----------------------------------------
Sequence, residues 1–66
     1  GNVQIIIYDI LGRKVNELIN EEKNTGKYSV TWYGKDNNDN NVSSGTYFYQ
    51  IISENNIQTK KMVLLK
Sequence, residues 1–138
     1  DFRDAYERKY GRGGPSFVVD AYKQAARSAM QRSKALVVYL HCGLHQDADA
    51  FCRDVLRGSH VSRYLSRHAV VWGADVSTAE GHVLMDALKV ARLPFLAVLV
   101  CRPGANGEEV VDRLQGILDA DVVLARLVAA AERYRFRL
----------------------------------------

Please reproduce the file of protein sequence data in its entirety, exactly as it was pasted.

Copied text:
Sequence, residues 1–66
     1  GNVQIIIYDI LGRKVNELIN EEKNTGKYSV TWYGKDNNDN NVSSGTYFYQ
    51  IISENNIQTK KMVLLK
Sequence, residues 1–138
     1  DFRDAYERKY GRGGPSFVVD AYKQAARSAM QRSKALVVYL HCGLHQDADA
    51  FCRDVLRGSH VSRYLSRHAV VWGADVSTAE GHVLMDALKV ARLPFLAVLV
   101  CRPGANGEEV VDRLQGILDA DVVLARLVAA AERYRFRL